For more information, go to www.nickfinzermusic.com.
Here's the opening track:
|photo by Angela Sowon Vayenas|
Vayenas switches to trumpet for "Premonition", sharing the melody with the tenor sax. The piano chords, at times, suggest McCoy Tyner but, like the opening track, there is a gentleness to the proceedings. The leader's tone on trumpet is clear, his notes crisp, and his attack adds intensity to the track. The influence of Herbie Hancock is evident on "The Final Frontier"; again, the trumpet takes the lead and Vayenas's bluesy solo spurs the rhythm section to react with stops-and-starts as well as keeping the flow moving.
"Flow Motion" is an album to get lost in. The program never forces its way into your brain yet invites you to relax, settle down - even the funky "Red Stripe" has a good natured gentility. The music Nick Vayenas and crew creates on the album is truly for early morning reveries and late-night meditations.
For more information, go to www.nickvayenas.com.
Here's the title tune:
"Tight Rope", a funky, hard-edged, tune opens "Presence" (See Tao Recordings), the fourth recording from trombonist and composer John Yao. The Chicago native has worked in numerous ensembles including the Afro-Latin Jazz Orchestra, the Vanguard Jazz Orchestra, the Brooklyn Big Band, and the Jeff Fairbanks Orchestra. His previous album, ""Flip-Flop", was created for his 17-piece Instrument but the new recording is with his Quintet, a return to the smaller-group ensemble of his 2012 Innova recording.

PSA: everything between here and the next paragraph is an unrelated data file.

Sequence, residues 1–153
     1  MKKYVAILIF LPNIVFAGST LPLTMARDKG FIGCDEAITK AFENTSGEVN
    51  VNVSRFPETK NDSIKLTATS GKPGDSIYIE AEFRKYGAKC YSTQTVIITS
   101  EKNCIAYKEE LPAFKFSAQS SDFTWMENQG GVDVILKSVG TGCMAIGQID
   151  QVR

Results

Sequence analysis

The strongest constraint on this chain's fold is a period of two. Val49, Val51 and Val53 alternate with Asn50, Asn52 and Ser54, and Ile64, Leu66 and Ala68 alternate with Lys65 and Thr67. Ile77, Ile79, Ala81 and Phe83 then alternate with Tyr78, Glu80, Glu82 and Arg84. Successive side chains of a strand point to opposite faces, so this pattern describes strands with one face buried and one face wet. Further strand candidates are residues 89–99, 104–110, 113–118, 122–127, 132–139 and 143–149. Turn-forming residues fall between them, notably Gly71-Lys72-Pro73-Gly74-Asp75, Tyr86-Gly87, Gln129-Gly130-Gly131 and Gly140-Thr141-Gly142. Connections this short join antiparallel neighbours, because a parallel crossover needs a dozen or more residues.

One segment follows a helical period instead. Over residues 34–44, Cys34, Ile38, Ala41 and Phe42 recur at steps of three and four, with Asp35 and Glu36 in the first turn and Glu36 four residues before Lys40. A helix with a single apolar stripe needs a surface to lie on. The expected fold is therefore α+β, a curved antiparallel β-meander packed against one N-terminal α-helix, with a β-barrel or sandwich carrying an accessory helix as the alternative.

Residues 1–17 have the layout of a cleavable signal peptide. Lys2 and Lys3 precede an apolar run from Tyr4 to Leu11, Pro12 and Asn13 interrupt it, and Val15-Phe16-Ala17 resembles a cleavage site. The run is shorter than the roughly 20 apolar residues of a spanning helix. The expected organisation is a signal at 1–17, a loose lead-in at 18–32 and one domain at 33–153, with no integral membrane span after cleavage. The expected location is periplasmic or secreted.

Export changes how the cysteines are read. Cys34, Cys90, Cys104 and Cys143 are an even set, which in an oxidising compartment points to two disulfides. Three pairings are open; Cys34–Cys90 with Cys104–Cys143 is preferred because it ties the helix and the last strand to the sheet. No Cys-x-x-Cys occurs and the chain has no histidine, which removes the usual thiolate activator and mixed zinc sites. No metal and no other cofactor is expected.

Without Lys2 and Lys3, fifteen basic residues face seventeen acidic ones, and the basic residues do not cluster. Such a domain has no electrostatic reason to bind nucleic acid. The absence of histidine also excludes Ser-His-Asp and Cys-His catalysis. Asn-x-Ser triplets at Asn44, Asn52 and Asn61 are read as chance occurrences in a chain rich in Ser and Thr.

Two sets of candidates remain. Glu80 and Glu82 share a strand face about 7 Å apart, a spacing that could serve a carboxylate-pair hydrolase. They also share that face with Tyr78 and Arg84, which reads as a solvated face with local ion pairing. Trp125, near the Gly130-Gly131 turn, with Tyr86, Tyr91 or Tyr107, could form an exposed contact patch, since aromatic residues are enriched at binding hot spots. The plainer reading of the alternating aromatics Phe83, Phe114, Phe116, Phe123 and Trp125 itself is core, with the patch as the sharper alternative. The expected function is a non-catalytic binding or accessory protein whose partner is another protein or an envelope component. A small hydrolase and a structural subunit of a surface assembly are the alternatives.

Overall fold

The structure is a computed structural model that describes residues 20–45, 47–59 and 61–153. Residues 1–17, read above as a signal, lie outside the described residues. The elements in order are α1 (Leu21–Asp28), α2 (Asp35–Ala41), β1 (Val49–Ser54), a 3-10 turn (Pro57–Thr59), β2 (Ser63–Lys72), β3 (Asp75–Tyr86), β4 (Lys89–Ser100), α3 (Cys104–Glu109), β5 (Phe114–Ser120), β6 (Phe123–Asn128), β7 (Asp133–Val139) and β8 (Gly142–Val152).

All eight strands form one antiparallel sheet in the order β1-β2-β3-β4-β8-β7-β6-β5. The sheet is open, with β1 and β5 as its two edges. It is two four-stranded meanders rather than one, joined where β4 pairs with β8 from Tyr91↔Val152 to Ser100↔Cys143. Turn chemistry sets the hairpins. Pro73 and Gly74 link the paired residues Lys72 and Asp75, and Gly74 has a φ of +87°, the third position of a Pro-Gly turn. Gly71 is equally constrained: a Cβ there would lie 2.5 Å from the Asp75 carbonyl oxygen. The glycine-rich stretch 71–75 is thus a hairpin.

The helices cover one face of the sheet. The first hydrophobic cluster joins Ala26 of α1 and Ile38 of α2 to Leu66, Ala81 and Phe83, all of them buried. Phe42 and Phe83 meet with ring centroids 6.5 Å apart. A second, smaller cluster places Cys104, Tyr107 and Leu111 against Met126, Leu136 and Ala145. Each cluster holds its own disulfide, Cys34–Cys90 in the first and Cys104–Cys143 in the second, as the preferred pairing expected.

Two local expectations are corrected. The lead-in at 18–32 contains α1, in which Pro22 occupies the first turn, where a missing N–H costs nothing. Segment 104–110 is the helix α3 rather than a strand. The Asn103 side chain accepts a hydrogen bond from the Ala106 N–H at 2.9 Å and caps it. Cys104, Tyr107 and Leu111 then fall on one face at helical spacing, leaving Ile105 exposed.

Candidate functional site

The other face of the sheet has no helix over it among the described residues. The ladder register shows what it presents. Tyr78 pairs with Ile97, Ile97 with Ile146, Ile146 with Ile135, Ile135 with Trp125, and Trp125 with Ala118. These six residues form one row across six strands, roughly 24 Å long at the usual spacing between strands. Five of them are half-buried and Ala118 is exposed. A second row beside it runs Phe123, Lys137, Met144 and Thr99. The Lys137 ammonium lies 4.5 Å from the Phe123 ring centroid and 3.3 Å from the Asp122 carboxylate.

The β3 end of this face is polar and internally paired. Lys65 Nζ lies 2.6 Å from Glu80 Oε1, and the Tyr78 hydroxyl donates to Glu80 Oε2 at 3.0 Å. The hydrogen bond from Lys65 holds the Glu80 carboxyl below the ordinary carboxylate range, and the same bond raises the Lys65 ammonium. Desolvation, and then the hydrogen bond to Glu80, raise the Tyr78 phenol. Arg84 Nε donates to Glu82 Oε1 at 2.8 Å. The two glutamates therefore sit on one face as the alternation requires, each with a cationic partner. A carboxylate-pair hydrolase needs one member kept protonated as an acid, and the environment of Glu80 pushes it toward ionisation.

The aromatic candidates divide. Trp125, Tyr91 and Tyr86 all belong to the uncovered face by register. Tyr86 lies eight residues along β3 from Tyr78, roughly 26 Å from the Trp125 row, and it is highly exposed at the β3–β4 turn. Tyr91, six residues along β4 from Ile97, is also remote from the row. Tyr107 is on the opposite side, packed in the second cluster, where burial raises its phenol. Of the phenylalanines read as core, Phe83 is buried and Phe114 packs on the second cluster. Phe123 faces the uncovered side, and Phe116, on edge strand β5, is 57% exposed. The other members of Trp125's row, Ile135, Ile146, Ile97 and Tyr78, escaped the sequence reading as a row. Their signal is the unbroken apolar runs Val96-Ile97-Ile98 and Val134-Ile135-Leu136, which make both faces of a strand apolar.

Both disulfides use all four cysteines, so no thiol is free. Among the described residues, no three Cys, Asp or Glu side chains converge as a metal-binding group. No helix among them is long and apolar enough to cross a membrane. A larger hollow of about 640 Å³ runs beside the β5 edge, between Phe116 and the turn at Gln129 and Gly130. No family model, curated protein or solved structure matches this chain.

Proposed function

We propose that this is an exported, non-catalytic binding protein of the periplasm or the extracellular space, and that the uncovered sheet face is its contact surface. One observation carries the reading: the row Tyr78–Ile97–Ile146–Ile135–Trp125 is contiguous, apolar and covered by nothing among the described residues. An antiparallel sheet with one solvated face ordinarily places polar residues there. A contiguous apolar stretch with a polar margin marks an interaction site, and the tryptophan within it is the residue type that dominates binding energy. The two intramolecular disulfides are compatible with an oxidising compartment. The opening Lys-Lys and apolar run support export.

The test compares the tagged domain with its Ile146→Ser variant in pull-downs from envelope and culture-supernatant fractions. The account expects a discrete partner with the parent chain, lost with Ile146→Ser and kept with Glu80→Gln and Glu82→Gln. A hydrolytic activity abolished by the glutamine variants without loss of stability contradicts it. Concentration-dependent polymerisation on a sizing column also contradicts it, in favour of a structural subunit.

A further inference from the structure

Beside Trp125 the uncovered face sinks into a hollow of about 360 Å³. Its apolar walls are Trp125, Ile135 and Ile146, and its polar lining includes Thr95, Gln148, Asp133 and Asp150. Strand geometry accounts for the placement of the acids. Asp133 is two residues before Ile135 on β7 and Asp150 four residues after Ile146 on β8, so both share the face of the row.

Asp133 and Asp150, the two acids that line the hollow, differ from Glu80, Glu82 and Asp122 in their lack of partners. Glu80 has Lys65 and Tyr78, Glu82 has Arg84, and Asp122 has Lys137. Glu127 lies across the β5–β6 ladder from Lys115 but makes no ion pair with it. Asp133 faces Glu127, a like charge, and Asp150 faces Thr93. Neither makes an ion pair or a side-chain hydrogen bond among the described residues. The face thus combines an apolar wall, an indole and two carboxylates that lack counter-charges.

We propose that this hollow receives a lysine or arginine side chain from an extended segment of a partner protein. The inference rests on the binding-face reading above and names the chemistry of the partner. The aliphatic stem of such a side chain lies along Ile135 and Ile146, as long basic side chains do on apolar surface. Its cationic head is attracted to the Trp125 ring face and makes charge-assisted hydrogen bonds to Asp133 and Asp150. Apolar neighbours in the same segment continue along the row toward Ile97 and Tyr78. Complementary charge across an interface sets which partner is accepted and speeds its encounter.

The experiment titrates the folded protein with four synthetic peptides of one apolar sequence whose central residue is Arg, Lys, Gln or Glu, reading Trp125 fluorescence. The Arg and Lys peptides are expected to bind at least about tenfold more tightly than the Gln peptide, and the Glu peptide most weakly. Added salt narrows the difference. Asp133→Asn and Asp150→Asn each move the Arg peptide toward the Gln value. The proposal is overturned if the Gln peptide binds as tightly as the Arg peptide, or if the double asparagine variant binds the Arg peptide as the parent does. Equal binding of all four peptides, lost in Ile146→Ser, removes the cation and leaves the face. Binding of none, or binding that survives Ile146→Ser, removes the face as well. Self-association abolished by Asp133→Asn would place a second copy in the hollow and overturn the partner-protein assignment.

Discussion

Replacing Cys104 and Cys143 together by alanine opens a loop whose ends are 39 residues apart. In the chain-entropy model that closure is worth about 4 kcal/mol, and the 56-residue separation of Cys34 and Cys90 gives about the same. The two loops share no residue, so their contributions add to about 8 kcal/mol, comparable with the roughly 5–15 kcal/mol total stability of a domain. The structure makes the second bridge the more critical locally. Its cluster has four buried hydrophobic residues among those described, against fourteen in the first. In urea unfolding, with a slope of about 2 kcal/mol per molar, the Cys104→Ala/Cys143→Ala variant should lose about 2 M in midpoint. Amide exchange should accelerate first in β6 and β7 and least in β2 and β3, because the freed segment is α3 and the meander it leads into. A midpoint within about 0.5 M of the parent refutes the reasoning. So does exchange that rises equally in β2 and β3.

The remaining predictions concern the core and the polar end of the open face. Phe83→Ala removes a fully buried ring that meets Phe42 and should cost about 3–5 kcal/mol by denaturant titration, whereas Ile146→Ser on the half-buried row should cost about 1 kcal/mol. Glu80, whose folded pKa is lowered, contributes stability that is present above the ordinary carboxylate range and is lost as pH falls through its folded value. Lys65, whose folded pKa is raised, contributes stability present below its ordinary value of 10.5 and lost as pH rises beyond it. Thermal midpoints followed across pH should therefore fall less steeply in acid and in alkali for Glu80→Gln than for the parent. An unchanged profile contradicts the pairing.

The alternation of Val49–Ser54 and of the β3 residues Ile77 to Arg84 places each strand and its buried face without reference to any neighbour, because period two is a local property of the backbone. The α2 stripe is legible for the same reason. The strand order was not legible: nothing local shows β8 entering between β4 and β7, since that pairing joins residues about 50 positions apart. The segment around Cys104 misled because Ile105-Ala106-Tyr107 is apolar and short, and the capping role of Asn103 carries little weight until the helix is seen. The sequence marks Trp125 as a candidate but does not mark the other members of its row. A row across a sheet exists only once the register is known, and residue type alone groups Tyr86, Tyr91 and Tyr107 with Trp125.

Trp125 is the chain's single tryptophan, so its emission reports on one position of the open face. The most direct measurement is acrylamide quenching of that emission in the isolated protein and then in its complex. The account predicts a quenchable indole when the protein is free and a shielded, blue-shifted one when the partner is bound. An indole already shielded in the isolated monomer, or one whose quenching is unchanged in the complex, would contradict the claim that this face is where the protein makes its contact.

This group includes Jon Irabagon (soprano and sopranino saxes), Randy Ingram (piano, Fender Rhodes), Peter Brendler (bass), and Shawn Baltazor (drums); the music Yao gives to them play to their strengths. Irabagon, whose noted for his tenor work, is limited to the higher range reeds here yet it's a smart juxtaposition to the trombone. Plus, he has developed into such a fine player. Listen to the elegiac "M. Howard" (the album is dedicated to the memory of one of the leader's best friends and how the soprano melody lifts up as it sings. The lovely, melodic bass solo (Brendler is one of the most sensitive players on the scene) leads into an intense piano solo that also rises, this time over the rhythm section and the horns. Yao then steps out, the intensity picks up even more, and one hears his sorrow transformed into (musical) action.
For more information, go to www.johnyao.com.